Massimo Vitali was born in Como, Italy, in 1944. He moved to London after high school, where he studied Photography at the London College of Printing. In the early ’60s he started working as a photojournalist, collaborating with many magazines and agencies in Italy and in Europe. It was during this time that he met Simon Guttmann, the founder of the agency Report, who was to become fundamental in Massimo’s growth as a photographer. He now lives and works between Lucca and Berlin.
At the beginning of the ’80s, a growing mistrust in the belief that photography had an absolute capacity to reproduce the subtleties of reality, led to a change in his career path. He began working as a cinematographer for television and cinema. However, his relationship with the still camera never ceased, while he eventually turned his attention back to photography as a means for artistic research.
Through an aesthetic made of light overexposures, light contrasts and pastel colours, the photographer expresses his need to be close to the people he photographs, even if he usually shoots 5 m higher than hid subjects. In his perspective, his pictures are portraits that add some meaning to the aesthetical matter.
About ‘Beach series’– words by Massimo Vitali:
Over the past years, he developed a new approach for portraying the world, expressing and commenting through photography, mostly using it as having characteristics of an anthropological and sociological operation. In 1995 he started working on the Beach Series, seeing them as an equalitarian place that reveals the costumes of the people who live there, beginning right during the drastic political changes in Italy. For Vitali, beaches are the places where relationships are shown and changes in society are macroscopic. Massimo started to observe his fellow countrymen very carefully. He depicted a sanitized, complacent view of Italian normalities, at the same time revealing “the inner conditions and disturbances of normality: its cosmetic fakery, sexual innuendo, commodified leisure, deluded sense of affluence, and rigid conformism”. [Whitney Davis, “How to Make Analogies in a Digital Age” in October Magazine, Summer 2006, no.117, p.71-98.]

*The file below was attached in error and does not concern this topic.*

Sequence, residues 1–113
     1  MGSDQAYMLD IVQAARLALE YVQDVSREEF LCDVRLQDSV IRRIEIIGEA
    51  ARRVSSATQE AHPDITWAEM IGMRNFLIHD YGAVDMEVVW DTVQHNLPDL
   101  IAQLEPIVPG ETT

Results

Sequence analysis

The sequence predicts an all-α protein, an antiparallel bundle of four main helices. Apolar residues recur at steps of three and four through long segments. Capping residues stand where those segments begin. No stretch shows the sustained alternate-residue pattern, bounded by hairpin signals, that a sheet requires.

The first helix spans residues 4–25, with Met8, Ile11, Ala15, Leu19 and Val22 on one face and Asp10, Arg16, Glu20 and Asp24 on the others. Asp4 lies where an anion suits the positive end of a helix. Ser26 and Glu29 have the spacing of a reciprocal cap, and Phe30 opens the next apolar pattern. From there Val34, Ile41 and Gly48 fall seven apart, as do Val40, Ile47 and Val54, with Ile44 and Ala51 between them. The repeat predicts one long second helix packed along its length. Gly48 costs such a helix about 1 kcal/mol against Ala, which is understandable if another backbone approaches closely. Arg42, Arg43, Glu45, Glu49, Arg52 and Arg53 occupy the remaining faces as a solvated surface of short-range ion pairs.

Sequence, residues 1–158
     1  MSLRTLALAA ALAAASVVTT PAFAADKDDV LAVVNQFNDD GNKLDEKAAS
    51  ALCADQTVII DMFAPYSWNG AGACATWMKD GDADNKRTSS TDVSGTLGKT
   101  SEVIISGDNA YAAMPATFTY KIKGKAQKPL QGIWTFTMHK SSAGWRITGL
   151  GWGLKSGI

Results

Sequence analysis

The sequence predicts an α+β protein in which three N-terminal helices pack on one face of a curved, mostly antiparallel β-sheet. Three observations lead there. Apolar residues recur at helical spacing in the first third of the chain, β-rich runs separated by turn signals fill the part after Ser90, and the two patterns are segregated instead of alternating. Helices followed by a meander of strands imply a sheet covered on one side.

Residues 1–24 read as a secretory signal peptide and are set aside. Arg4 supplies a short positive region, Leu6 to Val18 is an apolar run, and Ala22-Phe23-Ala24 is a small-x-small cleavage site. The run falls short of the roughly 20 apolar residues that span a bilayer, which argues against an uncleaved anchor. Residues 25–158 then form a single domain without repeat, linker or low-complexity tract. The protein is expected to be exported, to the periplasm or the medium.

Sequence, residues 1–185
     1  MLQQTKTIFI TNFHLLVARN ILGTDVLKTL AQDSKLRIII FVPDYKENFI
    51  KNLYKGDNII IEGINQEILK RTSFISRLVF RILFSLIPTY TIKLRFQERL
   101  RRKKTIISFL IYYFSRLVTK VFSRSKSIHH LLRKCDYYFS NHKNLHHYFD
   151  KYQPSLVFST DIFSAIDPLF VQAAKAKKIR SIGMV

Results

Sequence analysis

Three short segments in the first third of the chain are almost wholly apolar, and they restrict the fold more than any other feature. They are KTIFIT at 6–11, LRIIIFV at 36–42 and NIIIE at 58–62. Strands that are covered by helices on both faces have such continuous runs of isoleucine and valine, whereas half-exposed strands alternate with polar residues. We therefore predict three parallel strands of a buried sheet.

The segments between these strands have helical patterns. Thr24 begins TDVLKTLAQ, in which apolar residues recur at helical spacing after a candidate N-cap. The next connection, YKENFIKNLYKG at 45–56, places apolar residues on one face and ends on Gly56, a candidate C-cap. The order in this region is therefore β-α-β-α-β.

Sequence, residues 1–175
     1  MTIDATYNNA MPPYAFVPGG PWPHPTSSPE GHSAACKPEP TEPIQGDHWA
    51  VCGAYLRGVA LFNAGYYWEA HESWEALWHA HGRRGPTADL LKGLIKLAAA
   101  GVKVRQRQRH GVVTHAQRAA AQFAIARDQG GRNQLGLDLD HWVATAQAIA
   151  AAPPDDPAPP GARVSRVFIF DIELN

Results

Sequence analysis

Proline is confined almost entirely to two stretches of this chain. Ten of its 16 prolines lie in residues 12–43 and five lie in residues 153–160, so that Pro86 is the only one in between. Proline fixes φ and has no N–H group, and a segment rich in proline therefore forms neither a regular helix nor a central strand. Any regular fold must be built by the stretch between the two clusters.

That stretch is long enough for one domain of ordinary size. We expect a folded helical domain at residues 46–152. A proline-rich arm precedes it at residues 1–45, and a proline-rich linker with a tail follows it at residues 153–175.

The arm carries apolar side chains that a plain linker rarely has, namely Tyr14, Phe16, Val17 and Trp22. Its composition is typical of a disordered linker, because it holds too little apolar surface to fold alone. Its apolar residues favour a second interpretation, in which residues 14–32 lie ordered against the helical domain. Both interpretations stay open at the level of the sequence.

Massimo Vitali is a man who has built a career at the point where land and water meet. Regarding the enthusiasm for beaches, has earned the Lucca-based Italian photographer comparisons with Martin Parr, but where Martin’s lens zooms uncomfortably close to his sand-coated, sunburnt subjects, Massimo’s images cram in as many sunbathers as possible.